A person’s financial fortune during the pandemic is tied to which state they call home, according to a new analysis.
Americans’ money distress is disproportionately felt across the 50 states and the District of Columbia, according to a study from WalletHub that compares a location’s average credit score, accounts in distress, bankruptcy filings, online searches for “debt,” and the number of loans needed due to the coronavirus.
Financial difficulties are more pronounced in states like Louisiana, Nevada, Indiana, Oklahoma, and Florida, while those living in Vermont, Montana, Massachusetts, Alaska, and New Hampshire feel less of a financial hit, the data showed.
States with more residents in dire financial straits often overlap with those states experiencing high volumes of COVID-19 cases, too, said Jill Gonzalez, a senior analyst at WalletHub, told Yahoo Money.
Among the states with the highest rates of COVID-19 per 1 million residents, five states — Florida, Louisiana, South Carolina, Nevada, and Texas — overlap with the states WalletHub identified as those in the greatest financial distress.
The inverse is also true: Vermont, New Hampshire, Oregon, Montana, and Alaska, which were identified as the least financially impacted, are also among the lowest in the country in terms of infection rate.
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The pandemic is also striking Americans differently based on income, Gonzalez said, which shows up in geography.
Social-distancing measures didn’t derail industries like media, software, and financial services that are based in the Northeast and West and could seamlessly transition to remote work. But for those living in the South and Midwest — where agriculture, machinery, or service are more prevalent — remote work isn’t an option. That’s hurting lower-earners more, because they make up the bulk of workers in those sectors.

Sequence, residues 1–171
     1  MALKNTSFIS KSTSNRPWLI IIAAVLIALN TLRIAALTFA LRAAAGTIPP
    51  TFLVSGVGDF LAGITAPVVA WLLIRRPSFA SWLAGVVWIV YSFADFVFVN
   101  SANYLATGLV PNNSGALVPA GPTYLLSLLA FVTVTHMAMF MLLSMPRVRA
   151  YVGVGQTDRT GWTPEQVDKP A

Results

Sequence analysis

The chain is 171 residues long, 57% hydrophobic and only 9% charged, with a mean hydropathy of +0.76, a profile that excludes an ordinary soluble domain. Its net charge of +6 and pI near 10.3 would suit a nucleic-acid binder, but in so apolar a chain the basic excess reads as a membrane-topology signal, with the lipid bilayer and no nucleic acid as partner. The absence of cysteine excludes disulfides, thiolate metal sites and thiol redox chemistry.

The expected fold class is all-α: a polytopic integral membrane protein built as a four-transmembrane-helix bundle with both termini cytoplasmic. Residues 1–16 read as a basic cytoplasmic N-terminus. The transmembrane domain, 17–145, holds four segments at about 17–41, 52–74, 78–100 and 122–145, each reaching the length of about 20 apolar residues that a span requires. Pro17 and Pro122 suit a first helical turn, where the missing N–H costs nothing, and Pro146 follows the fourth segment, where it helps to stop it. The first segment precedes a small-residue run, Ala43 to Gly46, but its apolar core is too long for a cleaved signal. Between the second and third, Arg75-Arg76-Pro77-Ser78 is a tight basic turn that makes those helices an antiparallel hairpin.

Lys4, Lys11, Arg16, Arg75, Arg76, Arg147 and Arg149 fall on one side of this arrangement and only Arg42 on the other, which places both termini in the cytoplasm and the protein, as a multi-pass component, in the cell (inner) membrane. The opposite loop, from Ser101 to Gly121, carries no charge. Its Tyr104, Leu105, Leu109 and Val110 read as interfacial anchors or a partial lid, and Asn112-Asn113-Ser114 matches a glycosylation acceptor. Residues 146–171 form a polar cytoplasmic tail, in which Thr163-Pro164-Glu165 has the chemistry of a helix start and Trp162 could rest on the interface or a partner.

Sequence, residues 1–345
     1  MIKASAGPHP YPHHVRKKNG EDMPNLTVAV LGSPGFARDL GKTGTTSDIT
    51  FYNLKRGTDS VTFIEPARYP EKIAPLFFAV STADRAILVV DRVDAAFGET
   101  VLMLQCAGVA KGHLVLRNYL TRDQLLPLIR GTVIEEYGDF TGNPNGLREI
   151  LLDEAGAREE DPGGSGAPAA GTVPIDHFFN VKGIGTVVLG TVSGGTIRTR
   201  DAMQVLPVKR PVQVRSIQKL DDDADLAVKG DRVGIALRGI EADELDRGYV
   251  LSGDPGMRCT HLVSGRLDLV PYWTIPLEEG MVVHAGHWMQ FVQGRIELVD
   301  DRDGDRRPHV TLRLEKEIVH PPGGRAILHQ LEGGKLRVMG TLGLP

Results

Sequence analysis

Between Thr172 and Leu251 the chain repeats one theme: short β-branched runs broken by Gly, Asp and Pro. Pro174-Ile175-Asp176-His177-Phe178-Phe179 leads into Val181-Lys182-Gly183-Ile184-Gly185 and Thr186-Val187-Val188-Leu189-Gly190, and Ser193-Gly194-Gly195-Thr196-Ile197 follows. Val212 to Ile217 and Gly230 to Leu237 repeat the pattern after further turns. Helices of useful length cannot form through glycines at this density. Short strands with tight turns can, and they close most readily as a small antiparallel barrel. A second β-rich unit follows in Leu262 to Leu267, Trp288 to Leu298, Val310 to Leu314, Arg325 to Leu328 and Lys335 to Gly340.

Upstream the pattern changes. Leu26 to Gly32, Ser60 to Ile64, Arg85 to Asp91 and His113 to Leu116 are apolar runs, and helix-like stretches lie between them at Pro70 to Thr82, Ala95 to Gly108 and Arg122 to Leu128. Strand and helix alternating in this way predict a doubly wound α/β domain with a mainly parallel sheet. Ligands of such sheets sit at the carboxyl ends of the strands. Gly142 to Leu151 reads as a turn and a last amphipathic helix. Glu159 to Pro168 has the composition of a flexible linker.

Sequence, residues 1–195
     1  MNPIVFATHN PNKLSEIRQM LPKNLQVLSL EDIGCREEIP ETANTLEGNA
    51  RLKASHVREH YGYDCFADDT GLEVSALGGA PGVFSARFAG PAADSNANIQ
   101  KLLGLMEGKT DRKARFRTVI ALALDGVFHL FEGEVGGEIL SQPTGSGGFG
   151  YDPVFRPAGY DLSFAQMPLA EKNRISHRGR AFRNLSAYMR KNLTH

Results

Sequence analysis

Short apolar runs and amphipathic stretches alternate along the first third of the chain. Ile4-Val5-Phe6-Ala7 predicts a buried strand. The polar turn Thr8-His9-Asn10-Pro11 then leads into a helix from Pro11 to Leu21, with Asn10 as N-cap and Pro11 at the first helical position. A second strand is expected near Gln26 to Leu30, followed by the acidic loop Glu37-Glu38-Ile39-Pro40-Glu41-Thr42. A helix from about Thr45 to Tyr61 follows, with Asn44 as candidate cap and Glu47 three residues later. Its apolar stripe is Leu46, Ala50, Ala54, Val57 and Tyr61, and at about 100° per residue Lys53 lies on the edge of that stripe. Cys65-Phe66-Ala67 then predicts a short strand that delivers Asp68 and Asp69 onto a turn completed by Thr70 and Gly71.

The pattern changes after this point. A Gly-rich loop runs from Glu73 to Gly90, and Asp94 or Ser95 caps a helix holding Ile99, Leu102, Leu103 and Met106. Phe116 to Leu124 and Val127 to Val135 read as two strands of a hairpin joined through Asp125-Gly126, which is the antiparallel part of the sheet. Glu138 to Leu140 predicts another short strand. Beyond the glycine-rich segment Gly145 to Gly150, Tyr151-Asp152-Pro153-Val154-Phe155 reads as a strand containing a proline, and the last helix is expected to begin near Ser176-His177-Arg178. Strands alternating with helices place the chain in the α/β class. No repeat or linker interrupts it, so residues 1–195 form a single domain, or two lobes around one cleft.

“It's very obvious that the pandemic is more of a problem for those with lower income than higher income,” Gonzalez said, explaining that the ripples can be felt in health care, employment, and personal finance. “The pandemic is driving a wedge even further between socio-economic classes.”
She noted that lower-income Americans are less likely to be insured so they might avoid getting tested, and typically tend to live in crowded homes and neighborhoods where social distancing is non-existent and could unknowingly spread the virus.
“The effects of this financially —unfortunately, more so for those who have lower income — are going to be felt for years to come,” Gonzalez said, “and entire neighborhoods are really going to be set back from this.”
WalletHub ranked each states’ financial distress for its residents from worst to best. The company used six categories to determine its ranking:
Average credit score
People with accounts in distress
Average number of accounts in distress
Change in number of bankruptcy filings from July vs. January
“Debt” search interest index
WalletHub’s “States Where People Need Loans the Most Due to Coronavirus” score
District of Columbia